Copenhagen Contemporary

David Shrigley

Do Not Touch The Worms

25 Jun - 30 Dec 2020

David Shrigley, DO NOT TOUCH THE WORMS (2020). Installation view at Copenhagen Contemporary, 2020. Photo: David Stjernholm
David Shrigley, DO NOT TOUCH THE WORMS (2020). Installation view at Copenhagen Contemporary, 2020. Photo: David Stjernholm
David Shrigley, DO NOT TOUCH THE WORMS (2020). Installation view at Copenhagen Contemporary, 2020. Photo: David Stjernholm
David Shrigley, DO NOT TOUCH THE WORMS (2020). Installation view at Copenhagen Contemporary, 2020. Photo: David Stjernholm
David Shrigley, DO NOT TOUCH THE WORMS (2020). Installation view at Copenhagen Contemporary, 2020. Photo: David Stjernholm
David Shrigley, DO NOT TOUCH THE WORMS (2020). Installation view at Copenhagen Contemporary, 2020. Photo: David Stjernholm
David Shrigley, DO NOT TOUCH THE WORMS (2020). Installation view at Copenhagen Contemporary, 2020. Photo: David Stjernholm
David Shrigley, DO NOT TOUCH THE WORMS (2020)
David Shrigley, Worms In Your Champagne (2020)
David Shrigley, Worms Work Harder than us (2020). Image courtesy Collection Ruinart.
On 25 June, Copenhagen Contemporary opens its doors to the largest exhibition to date by the British artist David Shrigley. In familiar Shrigley fashion, twenty pink earth worms, inflated to abnormal size, transform CC’s largest gallery space into a seething snake pit where flabby creatures glide across the floor in chaotic confusion.

As always, Shrigley’s works are open to interpretation. One moment, the worms seem to signal some latent peril flaring up about to forcefully overpower us. The next, a pleasurable interlude featuring twenty utility animals whose childish apperance makes us smile. Shrigley hits us somewhere between despondency and cheerfulness, gravity and subtle humour, briefly turning our gaze on ourselves. The British artist tackles serious issues effortlessly; a much-needed gesture just now amid racism, climate challenges, and a pandemic.

The exhibition is entitled DO NOT TOUCH THE WORMS and has been created specifically for Copenhagen Contemporary.

A preset clock

The snake pit may appear out of control, but there is a measure of sanity amid the chaos. The worms come to life and slowly expire in a rhythmic cycle of inflation and deflation. This life cycle can be observed on a large-scale LED clock overlooking the snake pit and counting down to the next invigorating puff of air. In Shrigley’s exhibition, earthworms, mostly considered insignificant limp, slimy creatures living in the soil, break through the floor, creating an absurd and inverted scale between man and worm with their tall upright ‘necks’. Along with the clock, the work puts us in mind of our own mortality and our minute stature compared to the forces we are up against. In the end, these same worms will devour us after death and the work becomes, in an instant, a brilliant memento mori moment: remember the inevitability of death.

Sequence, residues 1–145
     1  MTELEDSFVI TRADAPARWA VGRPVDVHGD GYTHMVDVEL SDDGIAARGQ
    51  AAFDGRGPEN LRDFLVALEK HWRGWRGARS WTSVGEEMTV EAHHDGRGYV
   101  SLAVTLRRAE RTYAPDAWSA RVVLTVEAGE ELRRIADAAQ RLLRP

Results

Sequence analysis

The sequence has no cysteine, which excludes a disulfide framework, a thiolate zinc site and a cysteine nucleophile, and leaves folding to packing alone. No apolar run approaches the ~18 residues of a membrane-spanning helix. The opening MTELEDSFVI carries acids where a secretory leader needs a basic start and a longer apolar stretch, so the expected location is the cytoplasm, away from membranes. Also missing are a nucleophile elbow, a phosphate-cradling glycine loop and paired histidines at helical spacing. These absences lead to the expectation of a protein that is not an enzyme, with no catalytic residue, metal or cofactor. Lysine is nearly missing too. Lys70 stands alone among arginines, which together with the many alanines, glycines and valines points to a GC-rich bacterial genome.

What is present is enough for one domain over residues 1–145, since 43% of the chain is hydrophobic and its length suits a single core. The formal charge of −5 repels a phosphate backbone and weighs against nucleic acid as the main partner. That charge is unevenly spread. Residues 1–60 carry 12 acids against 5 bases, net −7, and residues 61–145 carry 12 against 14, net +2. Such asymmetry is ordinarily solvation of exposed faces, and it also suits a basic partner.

Thumbs up

David Shrigley is perhaps best known for his drawings infused with a good helping of subtle British humour. With discreet hilarity and inimitable subtlety, David Shrigley manages to give socially relevant and politically charged topics a bit of a prod. As a result, he has, notably in Britain, but also in the wider world, earned considerable acclaim as a satirical artist, who uses wit to spike contemporary life. This he did down to a tee in 2016, for example, when he created a bronze sculpture of a hand – a giant ‘thumbs up’ entitled Really Good for the Fourth Plinth Commission in Trafalgar Square in central London, just after the Britons had voted in favour of Brexit, triggering a national conflict. In Denmark, he attracted attention last year at the Heartland Festival at Egeskov Castle, Funen, by installing, in the lake in front of the castle, a thirteen-metre-high inflatable swan entitled Swan Thing, which, from a distance, might equally resemble giving the world a mighty finger.

The outsized worms at CC once again reveal Shrigley’s eminent knack of combining simple form, unpretentious and satirical expression, and complex and serious issues. Today, it seems particularly important to celebrate the role of social satire where humour is utilised as a political commentary, but also to shine a new light on our humdrum everyday lives and our brief existence on this earth. In any case, the slimy worms give us food for thought, no pun intended.

About David Shrigley

David Shrigley (b.1968) lives and works in Brighton, England, and graduated from the Glasgow School of Art, Scotland, in 1991. He is best known for his humorous and often absurd drawings. In his artistic practice, Shrigley works with a variety of media, including drawing, painting, sculpture, installation, photography, animation, and linocut, all of it addressing themes of everyday life and human behaviour. He also publishes books, takes part in musical collaborative projects, and produces music.

Shrigley has earned considerable international acclaim for his works, for example, receiving an OBE for his contribution to visual art in the New Year Honours list 2020. He has shown internationally, including the Spritmuseum, Stockholm, the Power Station of Art & Design, Shanghai, the National Gallery of Victoria, Melbourne, the Yerba Buena Centre for the Arts, San Francisco, and the Galleri Nicolai Wallner, the National Gallery of Denmark, and Den Frie Centre of Contemporary Art, all of them in Copenhagen.

In 2013, David Shrigley was nominated for the prestigious Turner Prize and, in 2016, he was commissioned to create the sculpture Really Good for Trafalgar Square in London, which was on show until March 2018. In 2019, he was the main artistic feature of the Heartland Music Festival at Egeskov Castle, where he created the work Swan Thing, a thirteen-metre-tall inflatable swan, specifically for the festival.
 

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